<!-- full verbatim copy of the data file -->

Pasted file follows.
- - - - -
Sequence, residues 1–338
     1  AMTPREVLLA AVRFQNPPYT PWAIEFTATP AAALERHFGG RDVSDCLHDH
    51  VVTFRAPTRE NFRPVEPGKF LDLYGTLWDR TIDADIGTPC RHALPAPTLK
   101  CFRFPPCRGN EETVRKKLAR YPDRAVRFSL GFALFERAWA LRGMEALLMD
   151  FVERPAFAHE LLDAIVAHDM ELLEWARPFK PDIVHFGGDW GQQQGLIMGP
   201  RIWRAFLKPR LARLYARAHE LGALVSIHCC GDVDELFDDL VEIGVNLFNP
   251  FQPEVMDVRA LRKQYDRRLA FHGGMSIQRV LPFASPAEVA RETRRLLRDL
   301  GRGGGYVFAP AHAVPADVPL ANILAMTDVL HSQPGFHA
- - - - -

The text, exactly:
Sequence, residues 1–338
     1  AMTPREVLLA AVRFQNPPYT PWAIEFTATP AAALERHFGG RDVSDCLHDH
    51  VVTFRAPTRE NFRPVEPGKF LDLYGTLWDR TIDADIGTPC RHALPAPTLK
   101  CFRFPPCRGN EETVRKKLAR YPDRAVRFSL GFALFERAWA LRGMEALLMD
   151  FVERPAFAHE LLDAIVAHDM ELLEWARPFK PDIVHFGGDW GQQQGLIMGP
   201  RIWRAFLKPR LARLYARAHE LGALVSIHCC GDVDELFDDL VEIGVNLFNP
   251  FQPEVMDVRA LRKQYDRRLA FHGGMSIQRV LPFASPAEVA RETRRLLRDL
   301  GRGGGYVFAP AHAVPADVPL ANILAMTDVL HSQPGFHA